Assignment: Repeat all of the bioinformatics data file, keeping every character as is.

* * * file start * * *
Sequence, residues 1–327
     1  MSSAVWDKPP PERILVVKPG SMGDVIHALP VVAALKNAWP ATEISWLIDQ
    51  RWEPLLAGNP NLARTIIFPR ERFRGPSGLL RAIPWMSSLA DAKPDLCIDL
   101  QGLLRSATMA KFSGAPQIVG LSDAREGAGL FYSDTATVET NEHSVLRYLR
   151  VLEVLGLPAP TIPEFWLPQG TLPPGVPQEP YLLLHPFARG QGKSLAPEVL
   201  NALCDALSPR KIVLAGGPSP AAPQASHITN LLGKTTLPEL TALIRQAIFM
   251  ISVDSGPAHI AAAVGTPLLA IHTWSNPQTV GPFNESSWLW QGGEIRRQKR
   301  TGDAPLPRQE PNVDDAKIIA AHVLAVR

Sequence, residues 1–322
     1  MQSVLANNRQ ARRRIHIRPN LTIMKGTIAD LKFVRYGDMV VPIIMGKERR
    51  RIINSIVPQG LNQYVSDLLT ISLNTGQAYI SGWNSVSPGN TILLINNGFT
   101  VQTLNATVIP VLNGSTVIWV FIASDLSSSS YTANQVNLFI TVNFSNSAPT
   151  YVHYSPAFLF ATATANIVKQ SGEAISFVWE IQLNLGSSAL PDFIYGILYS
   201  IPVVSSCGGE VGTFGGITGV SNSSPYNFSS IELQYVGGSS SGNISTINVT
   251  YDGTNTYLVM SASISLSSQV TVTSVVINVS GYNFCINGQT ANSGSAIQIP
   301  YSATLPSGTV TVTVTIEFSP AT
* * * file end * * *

Sequence, residues 1–327
     1  MSSAVWDKPP PERILVVKPG SMGDVIHALP VVAALKNAWP ATEISWLIDQ
    51  RWEPLLAGNP NLARTIIFPR ERFRGPSGLL RAIPWMSSLA DAKPDLCIDL
   101  QGLLRSATMA KFSGAPQIVG LSDAREGAGL FYSDTATVET NEHSVLRYLR
   151  VLEVLGLPAP TIPEFWLPQG TLPPGVPQEP YLLLHPFARG QGKSLAPEVL
   201  NALCDALSPR KIVLAGGPSP AAPQASHITN LLGKTTLPEL TALIRQAIFM
   251  ISVDSGPAHI AAAVGTPLLA IHTWSNPQTV GPFNESSWLW QGGEIRRQKR
   301  TGDAPLPRQE PNVDDAKIIA AHVLAVR

Sequence, residues 1–322
     1  MQSVLANNRQ ARRRIHIRPN LTIMKGTIAD LKFVRYGDMV VPIIMGKERR
    51  RIINSIVPQG LNQYVSDLLT ISLNTGQAYI SGWNSVSPGN TILLINNGFT
   101  VQTLNATVIP VLNGSTVIWV FIASDLSSSS YTANQVNLFI TVNFSNSAPT
   151  YVHYSPAFLF ATATANIVKQ SGEAISFVWE IQLNLGSSAL PDFIYGILYS
   201  IPVVSSCGGE VGTFGGITGV SNSSPYNFSS IELQYVGGSS SGNISTINVT
   251  YDGTNTYLVM SASISLSSQV TVTSVVINVS GYNFCINGQT ANSGSAIQIP
   301  YSATLPSGTV TVTVTIEFSP AT